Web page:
I have written a few articles on Sustainability in Agriculture over the past few months. It is a hot topic in virtually all industries, and perhaps especially in agriculture.
This is a consumer driven topic. Why? Consumers want to know that they are purchasing food that helps the environment, improves their health, and improves the livelihood of all involved in the food production process.
What are the criteria for measuring sustainability? Enter ESG- the environmental, social and governance factors affecting the company and being effected by the company. When we first hear sustainability, we think of environmental: climate change, carbon emission, green products, air and water pollution and biodiversity. These are certainly high priority in many consumers minds. And, they are most directly connected to farmers as we are constantly interacting with our environment and want to improve it.
But, consumers are also concerned with social issues. These may include labor standards, employee engagement, pay and development, diversity and inclusion, and community relations. How is the company treating employees? How is the company improving the community?
Governance asks the questions of how does the company comply with regulations? Does it clearly respect and honor local and state laws, statutes and regulations? Is management clear on their legal and moral obligations? Is management willing to monitor, measure and report performance?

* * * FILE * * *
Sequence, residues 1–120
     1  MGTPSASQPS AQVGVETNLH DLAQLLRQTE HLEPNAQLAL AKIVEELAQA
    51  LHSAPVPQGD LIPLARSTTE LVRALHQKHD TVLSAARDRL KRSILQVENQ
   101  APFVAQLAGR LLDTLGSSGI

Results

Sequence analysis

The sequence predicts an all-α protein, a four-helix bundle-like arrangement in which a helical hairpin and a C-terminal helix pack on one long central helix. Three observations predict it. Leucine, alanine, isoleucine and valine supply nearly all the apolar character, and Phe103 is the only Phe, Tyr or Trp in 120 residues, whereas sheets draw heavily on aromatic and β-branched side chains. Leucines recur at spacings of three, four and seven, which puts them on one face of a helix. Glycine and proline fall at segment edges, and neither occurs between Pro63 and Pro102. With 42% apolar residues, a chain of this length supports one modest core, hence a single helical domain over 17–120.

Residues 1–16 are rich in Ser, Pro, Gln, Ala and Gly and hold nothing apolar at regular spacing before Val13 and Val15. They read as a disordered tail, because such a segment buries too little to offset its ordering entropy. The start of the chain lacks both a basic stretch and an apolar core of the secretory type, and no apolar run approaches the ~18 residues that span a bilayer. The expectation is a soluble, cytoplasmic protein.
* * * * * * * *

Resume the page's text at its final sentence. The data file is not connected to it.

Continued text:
Companies in all industries are setting goals to meet these ESG standards and communicate them to consumers. Ag companies are no exception, and to some extent agriculture is higher visibility due to our direct effects on the land, water, soil and environment.
Does this ESG affect farmers? YES! First, if farmers are involved with food production, the food companies want their producers to meet their principles. In some cases, they have exclusive, identified producers and promote this move.
Second, there is a new coalition of farmland owners, managers and operators established as Leading Harvest.org. They have established 13 ESG principles to be applied to all of their farmland properties. These will affect all of their farmer tenants. To date they have enrolled over 2 million acres into their program.
These principles include 7 involving the environment: protection of water, crops; energy use, air quality and climate change; waste & material management; biodiversity to name a few.
They also include principles involving employees, farm labor; local communities; and legal & regulatory compliance. In addition to establishing these principles they will require 3rd party auditors to monitor progress.
So, yes sustainability is coming to the farm. While many farmers may already meet such principles, it will soon be necessary to report, audit and communicate those successes to landowners, vendors and their communities.
Source: Leading Harvest.org; AgWeb